Journal of Risk

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Does higher-frequency data always help to predict longer-horizon volatility?

Ben Charoenwong and Guanhao Feng

  • Direct forecasting models are precisely estimated but more sensitive to misspecification.
  • Violations of serial independence affect iterated forecast more than direct forecast.
  • Temporally aggregated longer horizon models are more robust to mean misspecification.
  • The conditional autocorrelation in realized shocks is useful to see this trade-off.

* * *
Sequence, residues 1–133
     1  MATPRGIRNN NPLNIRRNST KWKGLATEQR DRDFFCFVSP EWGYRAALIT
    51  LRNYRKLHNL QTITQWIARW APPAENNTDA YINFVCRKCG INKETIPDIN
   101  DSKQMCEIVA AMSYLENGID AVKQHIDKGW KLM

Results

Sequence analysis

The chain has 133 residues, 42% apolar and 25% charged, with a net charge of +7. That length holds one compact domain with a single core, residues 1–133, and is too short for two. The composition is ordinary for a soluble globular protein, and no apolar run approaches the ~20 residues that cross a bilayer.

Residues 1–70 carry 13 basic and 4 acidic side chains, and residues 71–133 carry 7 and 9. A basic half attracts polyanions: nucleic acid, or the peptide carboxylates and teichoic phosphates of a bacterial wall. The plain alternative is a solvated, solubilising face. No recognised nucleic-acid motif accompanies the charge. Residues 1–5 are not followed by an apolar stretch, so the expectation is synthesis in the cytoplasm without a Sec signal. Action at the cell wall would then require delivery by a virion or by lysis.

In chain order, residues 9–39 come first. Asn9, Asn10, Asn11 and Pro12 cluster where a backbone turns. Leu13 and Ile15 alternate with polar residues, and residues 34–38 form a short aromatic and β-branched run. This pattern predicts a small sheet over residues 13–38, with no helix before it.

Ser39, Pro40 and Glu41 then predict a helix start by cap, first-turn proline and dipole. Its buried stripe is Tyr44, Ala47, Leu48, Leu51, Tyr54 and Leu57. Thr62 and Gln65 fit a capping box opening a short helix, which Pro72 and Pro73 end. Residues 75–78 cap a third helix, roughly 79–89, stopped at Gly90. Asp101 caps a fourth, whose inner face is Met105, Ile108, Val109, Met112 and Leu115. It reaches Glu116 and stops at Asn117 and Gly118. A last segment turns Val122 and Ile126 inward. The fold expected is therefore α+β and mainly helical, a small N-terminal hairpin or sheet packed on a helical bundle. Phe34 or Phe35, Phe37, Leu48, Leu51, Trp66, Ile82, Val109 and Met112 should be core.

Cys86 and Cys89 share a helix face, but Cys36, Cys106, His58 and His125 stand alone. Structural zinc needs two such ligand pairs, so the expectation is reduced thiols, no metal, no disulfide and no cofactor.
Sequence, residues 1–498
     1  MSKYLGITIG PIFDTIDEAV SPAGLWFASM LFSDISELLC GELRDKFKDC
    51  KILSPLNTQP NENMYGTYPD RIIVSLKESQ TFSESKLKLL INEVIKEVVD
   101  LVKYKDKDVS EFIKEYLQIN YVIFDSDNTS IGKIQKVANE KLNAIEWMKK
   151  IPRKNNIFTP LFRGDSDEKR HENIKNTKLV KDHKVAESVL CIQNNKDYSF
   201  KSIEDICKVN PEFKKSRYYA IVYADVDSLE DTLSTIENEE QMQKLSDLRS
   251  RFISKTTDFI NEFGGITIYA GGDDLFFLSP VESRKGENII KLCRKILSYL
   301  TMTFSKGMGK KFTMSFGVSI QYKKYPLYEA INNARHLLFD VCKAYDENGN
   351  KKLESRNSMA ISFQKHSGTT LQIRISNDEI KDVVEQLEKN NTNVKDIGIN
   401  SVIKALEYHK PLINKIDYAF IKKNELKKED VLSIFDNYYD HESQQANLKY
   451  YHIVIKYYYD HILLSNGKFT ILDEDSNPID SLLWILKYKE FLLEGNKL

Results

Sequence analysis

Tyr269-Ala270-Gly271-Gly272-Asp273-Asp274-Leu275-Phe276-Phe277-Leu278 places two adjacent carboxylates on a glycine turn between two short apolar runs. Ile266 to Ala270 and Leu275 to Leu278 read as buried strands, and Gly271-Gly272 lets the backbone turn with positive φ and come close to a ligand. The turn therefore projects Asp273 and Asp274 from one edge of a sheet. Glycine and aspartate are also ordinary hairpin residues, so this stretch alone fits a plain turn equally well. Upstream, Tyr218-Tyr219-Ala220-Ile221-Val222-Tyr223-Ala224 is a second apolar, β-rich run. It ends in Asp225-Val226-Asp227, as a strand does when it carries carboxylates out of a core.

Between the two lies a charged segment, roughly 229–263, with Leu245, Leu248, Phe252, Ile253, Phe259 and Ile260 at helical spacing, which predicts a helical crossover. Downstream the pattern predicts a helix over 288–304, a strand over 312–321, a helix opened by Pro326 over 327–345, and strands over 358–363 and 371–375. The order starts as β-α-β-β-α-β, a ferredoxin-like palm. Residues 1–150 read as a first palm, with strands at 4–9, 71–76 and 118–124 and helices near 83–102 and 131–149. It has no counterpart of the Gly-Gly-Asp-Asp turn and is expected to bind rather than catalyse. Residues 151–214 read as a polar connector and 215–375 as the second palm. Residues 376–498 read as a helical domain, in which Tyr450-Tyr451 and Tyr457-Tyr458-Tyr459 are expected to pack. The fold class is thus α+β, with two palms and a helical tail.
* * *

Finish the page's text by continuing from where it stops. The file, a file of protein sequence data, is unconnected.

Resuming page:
When it comes to forecasting long-horizon volatility, multistep-ahead iterated forecasts using higher-frequency data can be more efficient than one-step-ahead direct forecasts using lower-frequency data. However, small violations of model specification in either the volatility or expected return models are compounded in the forward iteration and temporal aggregation for the higher-frequency model. In this paper, we show that realized conditional autocorrelation in return residuals is a strong predictor of the relative performance of different frequency models of volatility. When the conditional autocorrelation is high, the higher-frequency model performs markedly worse than its lower-frequency counterpart. Empirically, we show that residual autocorrelation exists in the broad cross-section of stocks at any given point in time, and that this misspecification can substantially decrease the prediction performance of higher-frequency models. Comparing the monthly volatility predictions using daily and monthly data, we show a trade-off between the gains from higher-frequency data and the susceptibility of its multistep-ahead iterated forecasts to model misspecification.

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